As smooth as can be, Seumalo has flown under the radar a bit playing for a lowly Oregon State team. The Beavers run game was nothing special, but don’t blame it on Seumalo. The right guard was among the cleanest in the nation, with the second best pass blocking efficiency in the class and the ninth best run blocking success rate. What really impressed us though were his three starts at left tackle against California, Washington, and Oregon to finish the season. In those game he didn’t allow a single pressure and compiled a +5.8 overall grade.
Christian Westerman, Arizona State
Westerman is so proficient in pass protection that it’s surprising Arizona State didn’t employ him as a tackle. He went to the Senior Bowl and put on a show against some stiff competition, winning two thirds of his reps in the one-on-one drills. His grading over the team sessions was equally superb and he didn’t allow a single pressure in 26 pass-blocking snaps. The biggest knock on Westerman is that he’s still undersized for a guard, tipping the scales under 300 pounds, and it costs him movement in the run game. If he can put more mass on his frame, Westerman has all the tools to be a high-level guard.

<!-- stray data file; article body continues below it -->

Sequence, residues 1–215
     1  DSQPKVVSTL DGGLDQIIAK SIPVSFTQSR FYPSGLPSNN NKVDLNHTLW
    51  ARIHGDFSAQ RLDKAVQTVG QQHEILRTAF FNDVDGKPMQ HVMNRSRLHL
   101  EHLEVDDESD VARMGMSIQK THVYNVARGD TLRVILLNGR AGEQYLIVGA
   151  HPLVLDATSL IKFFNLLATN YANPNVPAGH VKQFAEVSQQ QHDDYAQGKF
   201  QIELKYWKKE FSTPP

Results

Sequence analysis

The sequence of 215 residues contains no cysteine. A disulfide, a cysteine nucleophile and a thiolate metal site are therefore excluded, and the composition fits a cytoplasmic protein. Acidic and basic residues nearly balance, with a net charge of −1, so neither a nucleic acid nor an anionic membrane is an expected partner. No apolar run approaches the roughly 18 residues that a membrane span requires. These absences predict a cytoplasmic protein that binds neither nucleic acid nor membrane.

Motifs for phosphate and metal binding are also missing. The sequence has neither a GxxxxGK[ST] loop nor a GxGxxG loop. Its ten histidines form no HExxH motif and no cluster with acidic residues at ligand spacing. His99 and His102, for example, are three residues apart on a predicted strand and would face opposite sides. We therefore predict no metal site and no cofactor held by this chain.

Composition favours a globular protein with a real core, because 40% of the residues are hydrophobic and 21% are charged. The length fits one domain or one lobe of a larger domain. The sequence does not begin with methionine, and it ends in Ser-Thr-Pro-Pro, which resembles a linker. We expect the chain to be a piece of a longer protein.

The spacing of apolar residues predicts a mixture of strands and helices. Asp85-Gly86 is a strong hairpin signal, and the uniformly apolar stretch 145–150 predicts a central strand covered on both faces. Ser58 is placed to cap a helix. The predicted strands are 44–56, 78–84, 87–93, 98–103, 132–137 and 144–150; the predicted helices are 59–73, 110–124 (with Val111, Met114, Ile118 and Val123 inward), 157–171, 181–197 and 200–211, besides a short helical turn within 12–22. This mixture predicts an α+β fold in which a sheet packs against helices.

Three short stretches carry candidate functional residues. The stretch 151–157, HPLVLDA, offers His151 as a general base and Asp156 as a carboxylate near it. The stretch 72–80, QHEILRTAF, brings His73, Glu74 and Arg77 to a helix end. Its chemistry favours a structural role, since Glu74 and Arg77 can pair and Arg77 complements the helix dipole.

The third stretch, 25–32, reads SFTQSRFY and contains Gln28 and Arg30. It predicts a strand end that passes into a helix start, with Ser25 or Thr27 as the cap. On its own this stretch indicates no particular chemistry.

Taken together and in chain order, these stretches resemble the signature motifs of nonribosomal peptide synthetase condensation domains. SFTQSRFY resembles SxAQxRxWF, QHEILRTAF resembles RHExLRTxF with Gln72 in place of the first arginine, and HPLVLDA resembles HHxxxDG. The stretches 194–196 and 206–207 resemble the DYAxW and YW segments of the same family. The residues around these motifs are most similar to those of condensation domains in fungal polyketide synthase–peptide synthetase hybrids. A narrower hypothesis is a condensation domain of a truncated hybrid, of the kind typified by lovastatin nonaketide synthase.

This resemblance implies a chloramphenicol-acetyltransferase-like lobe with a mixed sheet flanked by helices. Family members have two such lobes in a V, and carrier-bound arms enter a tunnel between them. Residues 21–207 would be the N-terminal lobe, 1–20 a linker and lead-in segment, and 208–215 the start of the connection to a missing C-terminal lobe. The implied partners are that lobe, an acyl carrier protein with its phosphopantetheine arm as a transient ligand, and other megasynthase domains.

Spencer Drango, Baylor
Drango played left tackle in college and after his Senior Bowl performance, guard is certainly where he’ll play in the pros. Down in Mobile, he graded negatively in one-on-ones at both tackle positions, was the second lowest graded tackle in practice, and in the actual game he was the lowest graded tackle. So we can nip that tackle experiment in the bud. At guard though, Drango should be able to replicate in part at least some of his production he had at Baylor. There he was basically a down blocking machine that was also utilized pulling around the formation often. He has obvious physical limitations, but few can match the strength he has in his upper body.